The last thing I wrote for 3024AD: Short Stories Series One was the ‘about the author’ bit. It struck me that in this age of social media, in a book that will be primarily distributed electronically, that this might be a bit superfluous. Most people will learn more about me from my twitter than they will from a couple paragraphs that say, essentially, that I went to school to be a mechanical engineer and that I kinda hate it.
So I wrote that and threw in a link to my twitter.
This, in turn, got me thinking that- at least right now- it is more likely that someone is buying my book because they follow me on twitter than they are following me because they bought my book. It used to be the only real glimpse you got in to an the life of an author was via those couple paragraphs at the end of their book and the occasional interview. At this point in my career, I have done more interviews than I ever read with any contemporary author (not saying mine are widely read, just that they’re much more readily available now).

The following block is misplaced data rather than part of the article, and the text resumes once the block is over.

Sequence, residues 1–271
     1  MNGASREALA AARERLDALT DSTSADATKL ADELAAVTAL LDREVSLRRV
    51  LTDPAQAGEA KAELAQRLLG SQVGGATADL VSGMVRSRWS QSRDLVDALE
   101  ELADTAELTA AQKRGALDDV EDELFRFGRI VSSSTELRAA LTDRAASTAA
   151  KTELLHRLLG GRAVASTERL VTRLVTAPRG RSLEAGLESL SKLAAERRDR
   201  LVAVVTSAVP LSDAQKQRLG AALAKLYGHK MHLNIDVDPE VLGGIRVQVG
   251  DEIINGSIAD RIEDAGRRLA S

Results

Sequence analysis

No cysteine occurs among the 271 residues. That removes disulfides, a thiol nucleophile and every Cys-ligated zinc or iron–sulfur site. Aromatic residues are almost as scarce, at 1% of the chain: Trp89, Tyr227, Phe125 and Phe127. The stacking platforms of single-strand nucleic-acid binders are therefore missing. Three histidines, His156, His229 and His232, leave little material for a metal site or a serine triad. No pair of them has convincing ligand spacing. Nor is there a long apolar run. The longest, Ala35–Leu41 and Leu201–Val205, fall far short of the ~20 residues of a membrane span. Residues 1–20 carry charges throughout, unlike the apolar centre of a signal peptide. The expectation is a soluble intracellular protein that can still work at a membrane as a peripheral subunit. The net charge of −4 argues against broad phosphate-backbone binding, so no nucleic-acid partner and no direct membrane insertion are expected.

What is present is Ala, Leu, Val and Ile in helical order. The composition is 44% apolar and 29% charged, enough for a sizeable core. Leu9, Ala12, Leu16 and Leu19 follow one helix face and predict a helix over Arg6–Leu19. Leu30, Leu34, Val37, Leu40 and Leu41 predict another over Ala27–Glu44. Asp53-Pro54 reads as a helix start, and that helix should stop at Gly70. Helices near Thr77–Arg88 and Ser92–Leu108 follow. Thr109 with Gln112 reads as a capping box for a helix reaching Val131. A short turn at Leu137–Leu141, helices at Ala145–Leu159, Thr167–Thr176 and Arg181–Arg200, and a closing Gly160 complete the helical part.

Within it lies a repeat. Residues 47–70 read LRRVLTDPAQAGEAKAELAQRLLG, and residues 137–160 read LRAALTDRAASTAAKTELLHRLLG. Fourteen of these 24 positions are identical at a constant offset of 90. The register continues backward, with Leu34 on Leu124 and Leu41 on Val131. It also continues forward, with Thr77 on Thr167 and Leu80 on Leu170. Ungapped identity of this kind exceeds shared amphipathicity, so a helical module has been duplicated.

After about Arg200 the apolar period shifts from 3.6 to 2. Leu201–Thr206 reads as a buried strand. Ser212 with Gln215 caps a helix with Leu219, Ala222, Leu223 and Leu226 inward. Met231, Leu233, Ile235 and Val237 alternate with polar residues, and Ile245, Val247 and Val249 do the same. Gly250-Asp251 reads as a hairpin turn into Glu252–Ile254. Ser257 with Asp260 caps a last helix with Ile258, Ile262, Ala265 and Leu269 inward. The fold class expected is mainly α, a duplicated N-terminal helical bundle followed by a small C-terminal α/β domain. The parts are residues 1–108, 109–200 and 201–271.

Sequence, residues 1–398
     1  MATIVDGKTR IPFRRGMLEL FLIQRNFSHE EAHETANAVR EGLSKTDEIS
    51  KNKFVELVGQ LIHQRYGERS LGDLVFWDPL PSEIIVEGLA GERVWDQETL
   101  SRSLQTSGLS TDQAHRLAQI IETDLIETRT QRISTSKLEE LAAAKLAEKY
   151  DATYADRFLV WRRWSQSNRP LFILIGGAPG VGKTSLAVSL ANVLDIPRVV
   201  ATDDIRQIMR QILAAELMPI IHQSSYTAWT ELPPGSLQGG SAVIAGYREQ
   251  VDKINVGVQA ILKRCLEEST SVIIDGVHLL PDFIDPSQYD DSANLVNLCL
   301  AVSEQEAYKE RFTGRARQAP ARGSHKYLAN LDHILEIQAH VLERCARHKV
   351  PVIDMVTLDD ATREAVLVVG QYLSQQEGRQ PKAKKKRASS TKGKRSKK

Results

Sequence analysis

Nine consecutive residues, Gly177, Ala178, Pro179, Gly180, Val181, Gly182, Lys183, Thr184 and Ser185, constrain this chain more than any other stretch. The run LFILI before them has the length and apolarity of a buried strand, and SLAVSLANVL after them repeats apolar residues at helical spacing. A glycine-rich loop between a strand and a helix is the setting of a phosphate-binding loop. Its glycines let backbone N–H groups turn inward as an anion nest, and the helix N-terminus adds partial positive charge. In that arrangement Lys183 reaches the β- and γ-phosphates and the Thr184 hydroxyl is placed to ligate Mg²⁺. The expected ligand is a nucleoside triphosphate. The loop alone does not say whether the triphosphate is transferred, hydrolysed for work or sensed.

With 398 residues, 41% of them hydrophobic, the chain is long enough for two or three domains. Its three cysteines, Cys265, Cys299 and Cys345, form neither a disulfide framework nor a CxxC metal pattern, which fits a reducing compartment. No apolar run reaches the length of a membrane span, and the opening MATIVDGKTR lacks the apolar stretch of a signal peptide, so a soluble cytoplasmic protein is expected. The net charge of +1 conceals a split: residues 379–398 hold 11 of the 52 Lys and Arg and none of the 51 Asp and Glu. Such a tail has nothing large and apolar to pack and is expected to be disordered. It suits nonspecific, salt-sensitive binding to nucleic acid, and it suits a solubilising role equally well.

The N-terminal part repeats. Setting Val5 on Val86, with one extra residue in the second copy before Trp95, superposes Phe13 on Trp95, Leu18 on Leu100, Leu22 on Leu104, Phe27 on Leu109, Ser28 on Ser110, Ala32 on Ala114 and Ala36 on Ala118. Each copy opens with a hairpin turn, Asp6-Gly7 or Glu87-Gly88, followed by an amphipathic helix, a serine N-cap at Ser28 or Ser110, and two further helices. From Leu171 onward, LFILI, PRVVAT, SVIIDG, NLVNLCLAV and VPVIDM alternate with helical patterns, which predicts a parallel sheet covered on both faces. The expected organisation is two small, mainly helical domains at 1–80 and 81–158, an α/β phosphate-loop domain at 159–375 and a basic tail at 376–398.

For example, I love John Scalzi. I think he’s one of the best authors around, and I adore his work. But, thanks to the magic of the interwebs and his long-running blog (since before they were called blogs), it’s easy to get to know him. He’s also incredibly interactive on Twitter, so it’s easy to ask him a question and he usually responds. Ten years ago, you couldn’t call up your favorite author and ask him a random question, unless you wanted a lot of silly legal hassle.
Likewise, my friend Matt recommended Seven Wonders to me (by Adam Christopher) and since I’ve followed him on Twitter far longer than I’ve read his books, I really hear him in the book, and I’ll probably skip the about the author part as well.
This is, of course, to say nothing of Amazon Author Pages, GoodReads, etc. where all that information is even more accessible.
Maybe about the author should come first. I guess it already does.